Getting old in this century, he says, “is all about risk and its reduction.” (I once interviewed a surgeon in the 1980s who predicted that drugs would one day all but replace the need for the branch of medicine he practiced.)

Nowadays, writes Dr. Karlawish, “physicians are warned by pharmaceutical companies that even after they have prescribed drugs to reduce their patients’ risk of heart disease, a ‘residual risk’ remains – more drugs are often prescribed. The tagline for one fitness product declares: “Your health account is your wealth account! Long live living long!’”

When is it time, Dr. Karlawish asks, “to stop saving and spend some of our principal? If you thought you were going to die soon, you just might light up, as well as stop taking your daily aspirin, statin and blood pressure pill. You would spend more time and money on present pleasures, like a dinner out with friends, than on future anxieties.” When it comes to prevention, “there can be too much of a good thing.”

He cites the American College of Cardiology and the American Heart Association for setting 79 as the upper limit for calculating the10-year risk of developing or dying from heart attack, stroke or heart disease. These institutions also suggest that after 75 it may not be beneficial for a person without heart disease to start taking statins. But that doesn’t mean everyone follows this advice.”

The Lady Friend, a healthy, hearty 81, and I  decided that neither of us (I am 86 in OK health and hearty enough) would start relaxing our ban on cheese, butter, ice cream, pastries, and the like, but with restraint – just in case.

Mel Lavine was a television producer for many years with NBC News and CBS News in New York. Contact him at his e-mail address: This e-mail address is being protected from spambots. You need JavaScript enabled to view it .


 
The Amazing Roosevelts PDF  | Print |  E-mail
Thursday, 18 September 2014 14:12

NOTES OF A REPORTER AT LARGE

By Mel Lavine • Special to the Times

The first two hours of Ken Burns’ story on the three Roosevelts – Theodore, Franklin and Eleanor – began on Sunday at 8 on PBS. It is running two hours a night over seven nights this week.

The first two hours sagged a little under the celebrity tone and chorus of talking heads. But it is good history. (I wonder how much of TR is taught in schools these days.) The series starts with Theodore who was born in 1858 and ends with Eleanor’s death in 1962. (She was a favorite neice.)

Teddy, as he was affectionately called,  lived an energetic, colorful, controversial life. I have long thought of him as our Churchill, a fluent writer and scholar, an orator and actor, a bold and cunning politician, and something of a con. I remember Churchill’s speeches on the radio when I was growing up in Brookline, Mass. His brave words when Britain stood alone in World War II helped save his country and maybe the rest of us as well. My father, who saw TR on the stump, took pleasure in mimicking the great man, recalling such expressions as “DEE-lighted!”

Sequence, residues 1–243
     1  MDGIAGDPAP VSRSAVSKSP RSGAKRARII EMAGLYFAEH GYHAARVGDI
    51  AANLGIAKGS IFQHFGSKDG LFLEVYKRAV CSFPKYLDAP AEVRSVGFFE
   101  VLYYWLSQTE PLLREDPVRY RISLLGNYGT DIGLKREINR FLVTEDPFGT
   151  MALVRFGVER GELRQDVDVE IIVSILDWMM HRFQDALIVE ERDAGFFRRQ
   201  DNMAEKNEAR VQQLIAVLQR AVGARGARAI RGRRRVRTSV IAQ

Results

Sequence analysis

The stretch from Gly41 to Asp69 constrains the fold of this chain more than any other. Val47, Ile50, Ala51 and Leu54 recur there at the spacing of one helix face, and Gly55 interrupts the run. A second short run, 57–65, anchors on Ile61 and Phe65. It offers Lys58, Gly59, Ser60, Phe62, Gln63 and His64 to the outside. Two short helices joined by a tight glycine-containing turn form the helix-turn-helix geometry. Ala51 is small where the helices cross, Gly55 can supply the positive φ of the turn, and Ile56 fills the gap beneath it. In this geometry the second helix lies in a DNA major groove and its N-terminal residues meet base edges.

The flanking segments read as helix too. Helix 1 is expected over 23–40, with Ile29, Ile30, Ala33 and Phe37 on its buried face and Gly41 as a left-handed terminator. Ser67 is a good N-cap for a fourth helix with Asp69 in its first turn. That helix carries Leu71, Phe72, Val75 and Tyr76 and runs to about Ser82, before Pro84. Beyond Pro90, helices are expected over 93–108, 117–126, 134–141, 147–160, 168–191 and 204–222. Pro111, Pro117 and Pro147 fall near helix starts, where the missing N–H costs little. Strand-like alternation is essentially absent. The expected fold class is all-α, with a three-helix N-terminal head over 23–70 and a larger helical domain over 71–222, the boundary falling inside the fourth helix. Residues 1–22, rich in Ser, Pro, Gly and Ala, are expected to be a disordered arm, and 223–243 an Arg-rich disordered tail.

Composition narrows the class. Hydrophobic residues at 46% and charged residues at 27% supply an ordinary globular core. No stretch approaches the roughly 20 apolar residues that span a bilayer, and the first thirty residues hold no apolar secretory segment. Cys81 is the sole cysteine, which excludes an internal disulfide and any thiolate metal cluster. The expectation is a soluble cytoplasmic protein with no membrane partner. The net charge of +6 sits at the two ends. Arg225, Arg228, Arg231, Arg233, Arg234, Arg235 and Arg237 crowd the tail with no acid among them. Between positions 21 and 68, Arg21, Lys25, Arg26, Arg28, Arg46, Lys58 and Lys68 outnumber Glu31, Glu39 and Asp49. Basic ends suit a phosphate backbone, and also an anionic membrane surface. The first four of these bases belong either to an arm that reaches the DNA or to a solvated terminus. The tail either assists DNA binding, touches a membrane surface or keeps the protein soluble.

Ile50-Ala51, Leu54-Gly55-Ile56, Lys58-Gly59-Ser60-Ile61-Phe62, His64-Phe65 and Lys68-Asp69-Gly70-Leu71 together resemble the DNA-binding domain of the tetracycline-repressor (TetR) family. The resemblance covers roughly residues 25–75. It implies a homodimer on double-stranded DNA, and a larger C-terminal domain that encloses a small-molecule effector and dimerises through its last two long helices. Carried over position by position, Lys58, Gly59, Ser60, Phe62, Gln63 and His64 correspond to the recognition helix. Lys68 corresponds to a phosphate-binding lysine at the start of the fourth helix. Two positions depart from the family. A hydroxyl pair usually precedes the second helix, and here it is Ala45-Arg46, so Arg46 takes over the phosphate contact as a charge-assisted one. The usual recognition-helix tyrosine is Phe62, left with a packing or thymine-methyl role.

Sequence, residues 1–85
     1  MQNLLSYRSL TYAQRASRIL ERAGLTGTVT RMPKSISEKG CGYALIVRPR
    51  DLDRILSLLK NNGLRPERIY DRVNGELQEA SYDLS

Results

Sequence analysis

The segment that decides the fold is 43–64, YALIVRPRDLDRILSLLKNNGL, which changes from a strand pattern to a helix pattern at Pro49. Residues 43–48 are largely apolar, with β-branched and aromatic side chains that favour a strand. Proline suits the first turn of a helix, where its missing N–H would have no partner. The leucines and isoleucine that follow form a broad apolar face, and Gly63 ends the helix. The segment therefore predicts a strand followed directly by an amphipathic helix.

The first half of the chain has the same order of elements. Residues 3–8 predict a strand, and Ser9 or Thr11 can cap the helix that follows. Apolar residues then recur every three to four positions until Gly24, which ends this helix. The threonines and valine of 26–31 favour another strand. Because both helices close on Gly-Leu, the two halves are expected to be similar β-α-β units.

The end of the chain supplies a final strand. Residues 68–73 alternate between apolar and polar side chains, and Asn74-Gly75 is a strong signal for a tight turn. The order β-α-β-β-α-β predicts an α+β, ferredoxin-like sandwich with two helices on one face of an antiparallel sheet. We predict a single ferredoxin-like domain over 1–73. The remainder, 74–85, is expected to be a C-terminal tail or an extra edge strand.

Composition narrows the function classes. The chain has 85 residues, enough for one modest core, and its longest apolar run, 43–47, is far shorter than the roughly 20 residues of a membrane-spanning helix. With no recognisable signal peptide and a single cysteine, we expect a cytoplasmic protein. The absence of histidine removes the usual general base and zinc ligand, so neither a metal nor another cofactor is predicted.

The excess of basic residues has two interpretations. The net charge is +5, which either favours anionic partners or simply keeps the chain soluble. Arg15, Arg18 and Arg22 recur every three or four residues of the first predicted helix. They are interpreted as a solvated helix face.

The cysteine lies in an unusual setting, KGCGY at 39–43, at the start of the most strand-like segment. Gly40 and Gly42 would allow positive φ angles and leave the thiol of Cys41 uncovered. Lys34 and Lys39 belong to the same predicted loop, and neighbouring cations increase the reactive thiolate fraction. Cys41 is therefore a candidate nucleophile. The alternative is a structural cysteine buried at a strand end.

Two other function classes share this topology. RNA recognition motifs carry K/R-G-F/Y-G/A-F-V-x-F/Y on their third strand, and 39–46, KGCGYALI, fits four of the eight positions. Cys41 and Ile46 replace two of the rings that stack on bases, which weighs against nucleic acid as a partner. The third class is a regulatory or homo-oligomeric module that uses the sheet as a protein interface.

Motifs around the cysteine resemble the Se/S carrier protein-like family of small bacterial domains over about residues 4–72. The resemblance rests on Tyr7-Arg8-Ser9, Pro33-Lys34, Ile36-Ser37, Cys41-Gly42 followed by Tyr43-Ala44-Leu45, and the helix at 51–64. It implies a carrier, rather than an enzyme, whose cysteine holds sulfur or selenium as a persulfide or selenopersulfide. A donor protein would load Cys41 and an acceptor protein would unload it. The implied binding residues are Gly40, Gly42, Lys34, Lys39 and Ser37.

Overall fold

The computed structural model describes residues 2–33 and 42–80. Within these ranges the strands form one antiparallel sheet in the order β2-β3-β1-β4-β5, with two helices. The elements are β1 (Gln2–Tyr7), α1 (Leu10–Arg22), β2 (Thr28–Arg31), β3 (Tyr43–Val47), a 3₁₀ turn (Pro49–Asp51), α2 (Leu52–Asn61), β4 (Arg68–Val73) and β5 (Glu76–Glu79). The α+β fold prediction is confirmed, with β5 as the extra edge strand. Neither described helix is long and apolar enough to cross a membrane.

The Roosevelts are described by the makers of the documentary as an American dynasty. To my mind dynasty implies a closely-knit family like the Windsors of Great Britain or the Romanovs of pre-Communist Russia. The Theodore and Franklin branches were fifth cousins and lived in separate worlds: the Teddy Republicans, on Oyster Bay, Long Island, New York; the Franklin clan on the Hudson River at Hyde Park, New York. They were  Democrats.

 The film picked up  pace on Monday as we followed the rise of young Theodore  from a pampered, sickly childhood to the champion of the strenuous life. We  followed his transformation from patrician to boxer,  hunter, and sportsman. When he was president he was a progressive who battled for the poor, and fought the trusts. He also helped make the U.S. a world power in the early 1900s.

I’m looking forward to the rest of the documentary about the amazing three Roosevelts. We learned, almost as an ad lib on Monday night, that TR suffered from asthma all his life, even through the White House years.

Mel Lavine was a television producer for many years with NBC News and CBS News in New York. Contact him at his e-mail address: This e-mail address is being protected from spambots. You need JavaScript enabled to view it .


 
Ken Burns Takes on an American Dynasty PDF  | Print |  E-mail
Thursday, 11 September 2014 11:47

NOTES OF A REPORTER AT LARGE

By Mel Lavine • Special to the Times

Ken Burns, the relentless producer of TV documentaries, has a new, ambitious film for the multitudes. It is “The Roosevelts, An Intimate History,” chronicling the lives of Theodore Roosevelt, Franklin Roosevelt, and Eleanor Roosevelt “3 members of the most prominent and influential family in American politics.” It’s to run in seven parts (for a total of 14 hours over seven weeks) on Sundays on PBS.